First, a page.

block_gp uses multiple time series given as input to generate an attractor reconstruction, and then applies Gaussian process regression to approximate the dynamics and make forecasts. This method is the generalized version of tde_gp, which constructs the block from lags of a time series to pass into this function.

block_gp(block, lib = c(1, NROW(block)), pred = lib, tp = 1,
  phi = 0, v_e = 0, eta = 0, fit_params = TRUE, columns = NULL,
  target_column = 1, stats_only = TRUE,
  save_covariance_matrix = FALSE, first_column_time = FALSE,
  silent = FALSE, ...)



either a vector to be used as the time series, or a data.frame or matrix where each column is a time series


a 2-column matrix (or 2-element vector) where each row specifies the first and last *rows* of the time series to use for attractor reconstruction


(same format as lib), but specifying the sections of the time series to forecast.


the prediction horizon (how far ahead to forecast)


length-scale parameter. see 'Details'


noise-variance parameter. see 'Details'


signal-variance parameter. see 'Details'


specify whether to use MLE to estimate params over the lib


either a vector with the columns to use (indices or names), or a list of such columns


the index (or name) of the column to forecast


specify whether to output just the forecast statistics or the raw predictions for each run


specifies whether to include the full covariance matrix with the output (and forces the full output as if stats_only were set to FALSE)


indicates whether the first column of the given block is a time column (and therefore excluded when indexing)


prevents warning messages from being printed to the R console


other parameters. see 'Details'


If stats_only, then a data.frame with components for the parameters and forecast statistics:

prediction horizon
length-scale parameter
noise-variance parameter
signal-variance parameter
whether params were fitted or not
number of predictions
correlation coefficient between observations and
mean absolute error
root mean square error
percent correct sign
p-value that rho is significantly greater than 0 usingFisher's z-transformation
data.frame with columns for the time index,observations, mean-value for predictions, and independent variance for
predictions (ifstats_only == FALSE
save_covariance_matrix == TRUE)
the full covariance matrix for predictions(if
save_covariance_matrix == TRUE)


The default parameters are set so that passing a vector as the only argument will use that vector to predict itself one time step ahead. If a matrix or data.frame is given as the only argument, the first column will be predicted (one time step ahead), using the remaining columns as the embedding. Rownames will be converted to numeric if possible to be used as the time index, otherwise 1:NROW will be used instead. The default lib and pred are to perform maximum likelihood estimation of the phi, v_e, and eta parameters over the whole time series, and return just the forecast statistics.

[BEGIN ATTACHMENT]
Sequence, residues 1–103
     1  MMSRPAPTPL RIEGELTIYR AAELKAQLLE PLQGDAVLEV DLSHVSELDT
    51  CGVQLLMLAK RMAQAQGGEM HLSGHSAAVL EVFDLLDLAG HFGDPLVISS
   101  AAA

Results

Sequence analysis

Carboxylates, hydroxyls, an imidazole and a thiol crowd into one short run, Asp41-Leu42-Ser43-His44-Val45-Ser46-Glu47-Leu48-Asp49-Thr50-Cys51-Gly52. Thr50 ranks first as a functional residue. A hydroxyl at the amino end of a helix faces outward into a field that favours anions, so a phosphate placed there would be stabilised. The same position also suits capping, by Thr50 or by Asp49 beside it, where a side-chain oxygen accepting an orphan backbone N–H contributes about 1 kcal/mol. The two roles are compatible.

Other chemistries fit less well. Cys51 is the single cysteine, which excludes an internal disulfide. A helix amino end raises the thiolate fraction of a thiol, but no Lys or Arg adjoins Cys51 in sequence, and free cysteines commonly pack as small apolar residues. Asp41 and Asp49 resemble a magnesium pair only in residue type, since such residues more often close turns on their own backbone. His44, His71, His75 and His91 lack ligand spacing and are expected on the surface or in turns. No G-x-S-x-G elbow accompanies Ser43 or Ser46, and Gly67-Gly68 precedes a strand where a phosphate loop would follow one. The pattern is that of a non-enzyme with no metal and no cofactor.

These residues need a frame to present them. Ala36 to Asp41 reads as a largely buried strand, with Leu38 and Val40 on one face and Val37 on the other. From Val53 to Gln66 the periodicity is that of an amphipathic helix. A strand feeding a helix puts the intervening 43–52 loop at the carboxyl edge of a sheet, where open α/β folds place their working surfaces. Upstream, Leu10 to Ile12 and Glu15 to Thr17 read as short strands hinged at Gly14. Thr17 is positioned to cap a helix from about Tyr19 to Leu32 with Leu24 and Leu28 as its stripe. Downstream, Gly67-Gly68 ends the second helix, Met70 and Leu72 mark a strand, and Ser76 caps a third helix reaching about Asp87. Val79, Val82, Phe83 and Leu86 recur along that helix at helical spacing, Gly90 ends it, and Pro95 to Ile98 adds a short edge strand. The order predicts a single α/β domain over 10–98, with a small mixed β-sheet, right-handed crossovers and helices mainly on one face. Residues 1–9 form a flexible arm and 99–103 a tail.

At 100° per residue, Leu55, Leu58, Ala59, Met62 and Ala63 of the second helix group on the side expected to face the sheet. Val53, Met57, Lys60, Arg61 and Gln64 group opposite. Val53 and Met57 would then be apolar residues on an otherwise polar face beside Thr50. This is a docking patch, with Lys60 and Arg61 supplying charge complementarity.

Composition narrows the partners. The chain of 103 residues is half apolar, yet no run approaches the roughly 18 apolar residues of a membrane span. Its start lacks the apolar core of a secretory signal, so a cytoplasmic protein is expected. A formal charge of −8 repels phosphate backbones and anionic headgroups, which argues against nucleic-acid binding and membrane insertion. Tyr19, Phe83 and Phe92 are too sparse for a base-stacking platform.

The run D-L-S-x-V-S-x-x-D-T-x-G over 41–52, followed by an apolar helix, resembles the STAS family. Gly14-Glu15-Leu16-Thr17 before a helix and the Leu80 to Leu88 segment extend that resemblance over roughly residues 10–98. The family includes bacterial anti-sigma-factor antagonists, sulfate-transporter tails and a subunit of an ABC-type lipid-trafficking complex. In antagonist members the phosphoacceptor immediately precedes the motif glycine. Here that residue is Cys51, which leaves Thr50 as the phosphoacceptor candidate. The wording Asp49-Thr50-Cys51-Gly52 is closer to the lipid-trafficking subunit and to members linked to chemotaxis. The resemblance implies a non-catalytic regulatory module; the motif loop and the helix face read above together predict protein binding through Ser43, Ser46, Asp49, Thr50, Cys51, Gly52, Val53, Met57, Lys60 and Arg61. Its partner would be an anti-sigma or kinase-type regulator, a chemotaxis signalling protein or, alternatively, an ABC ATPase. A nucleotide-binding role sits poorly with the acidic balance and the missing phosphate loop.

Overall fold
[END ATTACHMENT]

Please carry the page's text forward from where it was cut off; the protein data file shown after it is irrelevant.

If phi, v_e, and eta parameters are given, all combinations of their values will be tried. If fit_params is also set to TRUE, these values will be the initial values for subsequent optimization of likelihood.

The basic model is: $$y = f(x) + \textnormal{noise} $$ in which the function f(x) is modeled using a Gaussian process prior: $$f \sim \textnormal{GP}(0, C) $$ with mean = 0, and covariance function, C, which is given by the squared-exponential kernel: $$C_{ij} = eta * \exp(-phi^2 * ||x_i - x_j||^2) $$

y is a realization from process f with normally-distributed i.i.d. process noise, $$noise \sim \mathcal(N)(0, v_e) $$ such that the covariance of observations y_i and y_j is $$K_{ij} = C_{ij} + v_e * \delta_{ij}$$ where \(\delta_{ij}\) is the kronecker delta (i.e. it is 1 if \(i = j\) and 0 otherwise)

From the model definition, the variance in y, after marginalizing over f, is given by eta + v_e. Thus to simplify specification of priors for the hyperparameters eta and v_e, the outputs y are normalized to zero mean and unit variance prior to fitting. This allows us to set (0, 1) bounds on eta and v_e which facilitates parameter estimation. We set Beta(2, 2) priors for both eta and v_e to partition prior uncertainty equally across structural and process uncertainty.

For a scalar input, the length-scale parameter phi controls the expected number of zero crossings on the unit interval as $$E(crossings) = \frac{\sqrt(2)}{\pi} \phi \approx 0.45 \phi $$

Thus to facilitate interpretation and prior specification, the distances in C are scaled by the max distance so that a model with \(\phi = 2\) would have roughly one zero crossing over the range of the data. We assign phi a half-Normal prior with variance \(\pi / 2\) so that the prior mean phi is 1, which tends to avoid overfitting. To fit the GP we estimate eta, v_e, and phi by maximizing the posterior after marginalizing over f(x). This is given by the multivariate normal likelihood $$logL = -1/2 \log{|K_d|}^{-1/2} y_d^T [K_d]^{-1} y_d $$ where \(K_d\) is the matrix obtained by evaluating the covariance function at all pairs of inputs and \(y_d\) is the column vector of outputs. Predictions for new values of x are obtained by setting eta, v_e, and phi to the Maximum a Posteriori (MAP) estimates and using the GP conditional on the observed data. Specifically, given \(x_d\) and \(y_d\), the mean and variance for y evaluated at a new value of x are $$E(y) = C(x, x_d) [K_d]^{-1} y_d $$ $$V(y) = eta + v_e - C(x, x_d)[K_d]^{-1} C(x_d, x) $$ where the vector \(C(x, x_d)\) is obtained by evaluating C at x and each of the observed inputs while holding eta, phi, and v_e at the MAP estimates.


data("two_species_model") block <- two_species_model[1:200,] block_gp(block, columns = c("x", "y"), first_column_time = TRUE)
#> embedding tp phi v_e eta fit_params num_pred rho #> 1 1, 2 1 0.5302931 -170.4109 6.904724 TRUE 199 0.9999775 #> mae rmse perc p_val #> 1 0.001004117 0.001284706 1 0